Relationships with neighbours have been shown to have a bigger impact on how we feel about where we live than the quality of the house we live in.
Residents of close-knit neighbourhoods have been shown to be more likely to work together to achieve common goals, to exchange information and to keep a lid on crime and antisocial behaviour. Kids in close-knit neighbourhoods are less likely to smoke, drink and do drugs.
Less close-knit neighbourhoods with more social disorder have been linked to a higher incidence of -anxiety and depression.
All this fits more broadly into research about the importance of ¬social connections. People with good social connections are more likely to have jobs, be well-paid for doing them and get promoted.
They're more likely to co-operate with others, less likely to be isolated, more likely to engage with their community, less likely to get sick.
It doesn't necessarily mean being best friends with your neighbours. Both weak and strong social ties have been shown to be important.
Weak ties can expose you to ¬new ideas and ways of life. They can help provide a sense of connection, familiarity and self-worth.
We were sad when Jack and Jess moved to Hamilton about six months ago and rented their place out. They got a rental appraisal and found standard rents for places our size in our area were about $100 a week more than Zanna and I were paying. We asked them not to mention that to our landlord and they didn't, largely ¬because they didn't know him.
They had an open home, which attracted the usual dozens of desperate young people who can barely afford to live in this financially ¬incoherent city.
Our new neighbours are in their early-mid 20s. He has a cool beard and a small motorbike; she has the energy and drive of the high-potential young creative professional.
On the day they moved in, I met them both and liked them. She brought us delicious home-baked vegan cupcakes.
It was soon Christmas, and she again brought over treats she had baked - not just cupcakes but a whole selection of stuff, including little muesli bars wrapped up with hipster string.
We gave them a book and sometimes take out their bins. (They have also taken out our bins.)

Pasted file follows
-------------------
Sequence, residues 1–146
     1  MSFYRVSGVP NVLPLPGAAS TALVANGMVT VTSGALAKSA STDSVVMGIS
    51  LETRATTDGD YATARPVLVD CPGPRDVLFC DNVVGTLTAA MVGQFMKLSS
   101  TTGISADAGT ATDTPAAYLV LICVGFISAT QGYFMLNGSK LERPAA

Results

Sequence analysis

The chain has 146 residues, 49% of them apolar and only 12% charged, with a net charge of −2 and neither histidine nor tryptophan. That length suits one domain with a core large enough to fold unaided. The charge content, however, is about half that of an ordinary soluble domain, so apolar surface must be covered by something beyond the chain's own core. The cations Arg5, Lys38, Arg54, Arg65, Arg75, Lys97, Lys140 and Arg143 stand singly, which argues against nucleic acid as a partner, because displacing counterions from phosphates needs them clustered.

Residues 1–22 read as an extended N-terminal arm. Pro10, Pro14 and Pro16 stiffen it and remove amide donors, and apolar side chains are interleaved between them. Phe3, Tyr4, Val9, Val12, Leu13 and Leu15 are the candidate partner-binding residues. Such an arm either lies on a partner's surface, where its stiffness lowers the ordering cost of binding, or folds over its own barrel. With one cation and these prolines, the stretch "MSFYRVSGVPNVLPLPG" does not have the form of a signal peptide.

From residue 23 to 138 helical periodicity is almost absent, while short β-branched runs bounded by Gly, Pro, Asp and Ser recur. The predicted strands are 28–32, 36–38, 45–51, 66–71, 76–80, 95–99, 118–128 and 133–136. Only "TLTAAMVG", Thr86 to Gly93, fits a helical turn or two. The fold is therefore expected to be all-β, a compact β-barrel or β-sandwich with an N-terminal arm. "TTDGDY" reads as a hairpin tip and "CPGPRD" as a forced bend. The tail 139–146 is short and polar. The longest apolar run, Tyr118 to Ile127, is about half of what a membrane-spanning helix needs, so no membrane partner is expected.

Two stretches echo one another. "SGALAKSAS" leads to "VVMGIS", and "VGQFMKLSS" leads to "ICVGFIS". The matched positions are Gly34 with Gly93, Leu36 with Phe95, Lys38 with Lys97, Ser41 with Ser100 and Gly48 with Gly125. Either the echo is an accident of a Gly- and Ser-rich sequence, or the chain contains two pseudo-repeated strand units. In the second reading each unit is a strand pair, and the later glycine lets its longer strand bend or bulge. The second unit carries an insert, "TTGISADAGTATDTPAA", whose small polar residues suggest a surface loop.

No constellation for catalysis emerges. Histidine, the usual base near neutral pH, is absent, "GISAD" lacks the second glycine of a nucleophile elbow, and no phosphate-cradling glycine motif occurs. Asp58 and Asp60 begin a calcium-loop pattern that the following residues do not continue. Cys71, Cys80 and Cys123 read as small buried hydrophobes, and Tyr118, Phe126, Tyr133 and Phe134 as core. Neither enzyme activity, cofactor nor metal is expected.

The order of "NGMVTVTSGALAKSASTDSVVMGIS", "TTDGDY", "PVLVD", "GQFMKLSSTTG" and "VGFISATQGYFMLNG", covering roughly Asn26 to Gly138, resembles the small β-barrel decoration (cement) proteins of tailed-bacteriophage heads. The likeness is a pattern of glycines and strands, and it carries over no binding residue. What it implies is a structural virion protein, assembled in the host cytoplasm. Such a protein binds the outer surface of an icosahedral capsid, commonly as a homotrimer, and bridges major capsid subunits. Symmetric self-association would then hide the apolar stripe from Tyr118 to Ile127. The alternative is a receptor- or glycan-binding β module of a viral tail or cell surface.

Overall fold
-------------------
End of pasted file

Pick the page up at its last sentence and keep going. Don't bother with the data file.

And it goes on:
They weeded their garden recently and also did part of ours, but left the majority of it, including the toughest weeds, which are now probably even higher and more strongly embedded than when Jack last pulled them.
In a few weeks we will move into our first home, in Glen Eden. The street seems nice. It's quiet and close to a primary school and public transport, and it was as close to ¬affordable as we could find.
We first started trying to buy a home two years ago. Towards the end, I had given up on almost everything I wanted in a home and instead cared almost exclusively about finding a community that felt decent.
When I first drove into our new street, I liked it. It was not far from the excitingly shambolic town centre and it was full of the type of houses I could imagine my daughter playing in with her friends in a few years.
I met a young guy who lived across the road and asked him if it was a good street. He said yes and I felt good about that, because when I had first looked at our new house in Google Street View there were shoes over the power lines next door. I have no idea what that means but I have heard stories and am easily frightened.
When my wife was a child, her elderly neighbour, Jean, was one of her best friends. They used to watch Days of Our Lives together. When the characters kissed, Jean would say, "They really make a meal of it, don't they?"
I imagine them sitting there on the couch: little Zanna and lovely old Jean, with Zanna's unspoken questions about what the hell was happening in Days of our Lives lying between them along with Zanna's plastic tumbler of cordial and Jean's warm tea, and I want something like that for my own children.
It's easy to believe we now live in a less friendly society. Every generation likes to tell the one that follows things aren't like they used to be.
But that doesn't have to be true. My plan, after we move into our new home in a few weeks' time, is to knock on my neighbours' doors with my wife and daughter and say: "Hi, how are things? Just wanted to come and say hi and meet our new neighbours. Come say hi sometime."
It is clear from that terrible dialogue that I haven't thought these interactions through carefully and that this all sounds awkward as hell, and it probably will be.
Still, in my rich fantasy life, I see it leading to lifelong friendships. Even if it doesn't, I'd like to think the act in itself still means something, or has some impact. At the very least, it seems like a good thing to do.